The Liberal government in Canada proposes to consolidate food safety testing, taking it away from the Health Protection Branch, but placing it under the Ministry of Agriculture. This seems to me to set up a major conflict of interest. We already know from the experience with Monsanto’s attempt to get the use in cows of bovine growth hormone produced by genetically modified micro-organisms s approved by the HPB that extreme pressure will be exerted by the large corporations and by the government on their behalf. That was stopped only because scientists from the Branch publicly protested and subsequent Senate hearing resulted in approval being denied (not on the grounds of human safety concerns but on the grounds of damage to cattle from mastitis and udder damage).

This last instance makes us note that GM organisms are not just plants, but also animals. The cloning of calves, sheep, etc is already commonplace in laboratories and attempts at their commercial exploitation is not far off. It may not happen if animals cloned from adults cells are found to age very rapidly. Cloning from stem cells such as germ cells is perhaps a better possibility and is under investigation. Genetic knockout mice, in which a given gene has been deleted, have been extremely valuable in defining functions of some genes, leading sometimes to unexpected functions. So far this technique has not led to environmental problems because these animals are confined to the laboratory and nearly all would not survive in the wild environment.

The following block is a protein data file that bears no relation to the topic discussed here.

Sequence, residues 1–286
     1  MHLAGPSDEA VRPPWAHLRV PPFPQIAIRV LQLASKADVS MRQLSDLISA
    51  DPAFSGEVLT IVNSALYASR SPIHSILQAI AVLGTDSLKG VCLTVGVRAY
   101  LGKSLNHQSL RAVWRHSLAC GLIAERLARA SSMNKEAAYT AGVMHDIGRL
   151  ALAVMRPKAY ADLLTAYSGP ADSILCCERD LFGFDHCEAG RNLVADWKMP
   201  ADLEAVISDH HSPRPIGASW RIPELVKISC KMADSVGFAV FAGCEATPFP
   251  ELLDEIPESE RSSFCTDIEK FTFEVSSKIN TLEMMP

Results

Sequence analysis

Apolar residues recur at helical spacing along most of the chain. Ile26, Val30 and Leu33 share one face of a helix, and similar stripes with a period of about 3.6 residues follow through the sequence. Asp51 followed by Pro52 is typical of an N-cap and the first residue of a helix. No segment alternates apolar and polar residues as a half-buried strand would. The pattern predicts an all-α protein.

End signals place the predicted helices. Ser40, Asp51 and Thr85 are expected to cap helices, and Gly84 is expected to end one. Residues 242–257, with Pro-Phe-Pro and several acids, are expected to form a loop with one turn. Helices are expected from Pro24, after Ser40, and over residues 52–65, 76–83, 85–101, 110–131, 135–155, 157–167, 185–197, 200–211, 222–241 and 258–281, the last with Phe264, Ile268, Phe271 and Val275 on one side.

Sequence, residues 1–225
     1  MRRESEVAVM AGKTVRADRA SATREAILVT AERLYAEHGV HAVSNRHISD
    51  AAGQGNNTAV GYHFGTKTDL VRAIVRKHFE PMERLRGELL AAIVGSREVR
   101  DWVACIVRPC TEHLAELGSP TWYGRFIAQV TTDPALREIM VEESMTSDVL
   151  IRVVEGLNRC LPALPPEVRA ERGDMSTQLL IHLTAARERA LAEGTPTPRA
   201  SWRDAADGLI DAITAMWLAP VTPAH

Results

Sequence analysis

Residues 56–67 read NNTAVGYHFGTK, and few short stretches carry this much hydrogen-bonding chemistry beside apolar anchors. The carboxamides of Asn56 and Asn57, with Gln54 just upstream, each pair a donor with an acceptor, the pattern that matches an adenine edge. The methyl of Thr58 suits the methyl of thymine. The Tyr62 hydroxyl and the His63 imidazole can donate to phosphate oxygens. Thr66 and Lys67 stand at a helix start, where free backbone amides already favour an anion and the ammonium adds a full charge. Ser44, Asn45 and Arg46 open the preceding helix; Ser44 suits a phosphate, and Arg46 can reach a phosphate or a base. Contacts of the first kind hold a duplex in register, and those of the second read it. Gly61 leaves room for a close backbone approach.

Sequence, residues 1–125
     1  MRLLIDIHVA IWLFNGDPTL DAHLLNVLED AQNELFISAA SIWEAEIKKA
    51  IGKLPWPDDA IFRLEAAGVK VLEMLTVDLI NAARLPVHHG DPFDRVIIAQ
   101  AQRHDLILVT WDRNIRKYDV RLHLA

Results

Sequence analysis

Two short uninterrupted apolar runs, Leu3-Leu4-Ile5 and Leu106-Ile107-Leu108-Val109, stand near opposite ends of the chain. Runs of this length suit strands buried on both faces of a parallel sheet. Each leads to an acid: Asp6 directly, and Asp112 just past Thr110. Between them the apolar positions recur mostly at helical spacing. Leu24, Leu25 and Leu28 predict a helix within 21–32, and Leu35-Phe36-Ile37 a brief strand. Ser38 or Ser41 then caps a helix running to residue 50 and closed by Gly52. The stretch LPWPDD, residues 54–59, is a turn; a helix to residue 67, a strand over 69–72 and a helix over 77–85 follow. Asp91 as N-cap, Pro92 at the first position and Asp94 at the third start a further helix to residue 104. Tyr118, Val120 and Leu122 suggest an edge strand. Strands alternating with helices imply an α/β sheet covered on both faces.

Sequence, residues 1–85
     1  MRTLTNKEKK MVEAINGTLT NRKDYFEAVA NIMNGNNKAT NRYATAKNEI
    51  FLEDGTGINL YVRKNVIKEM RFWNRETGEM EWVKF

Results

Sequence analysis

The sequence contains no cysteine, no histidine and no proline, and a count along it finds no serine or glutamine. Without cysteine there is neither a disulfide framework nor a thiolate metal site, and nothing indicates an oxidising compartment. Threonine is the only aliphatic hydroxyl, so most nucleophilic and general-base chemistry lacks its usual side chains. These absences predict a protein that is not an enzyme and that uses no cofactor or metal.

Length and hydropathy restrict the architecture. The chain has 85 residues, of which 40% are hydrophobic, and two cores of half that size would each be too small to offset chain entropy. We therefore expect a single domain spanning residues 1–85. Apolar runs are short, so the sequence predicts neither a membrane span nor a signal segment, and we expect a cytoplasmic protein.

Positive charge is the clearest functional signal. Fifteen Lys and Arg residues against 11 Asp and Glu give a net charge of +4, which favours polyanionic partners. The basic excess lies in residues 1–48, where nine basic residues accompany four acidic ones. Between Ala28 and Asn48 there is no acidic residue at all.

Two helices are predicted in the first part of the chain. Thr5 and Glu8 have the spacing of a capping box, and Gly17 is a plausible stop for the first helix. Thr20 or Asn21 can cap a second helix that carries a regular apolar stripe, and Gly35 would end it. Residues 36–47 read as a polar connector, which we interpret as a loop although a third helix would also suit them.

It is apparent from the above that the Biotechnology issues facing our society are very complex and we as a working group are often overwhelmed by the magnitude of the tasks of trying to keep abreast of them, report and act on them as you may direct. It seems to me that we need to expand the group or subdivide the tasks. I urge the Board to consider how to manage this.

Finally I wish to pass on a very valuable summary of ten reasons why Biotechnology will not provide world food security, despite the claims of biotechnology companies and their scientific advocates, as we proceed into the next millennium with populations, poverty and the spread between rich and poor still increasing. This summary was posted in the public domain by its authors.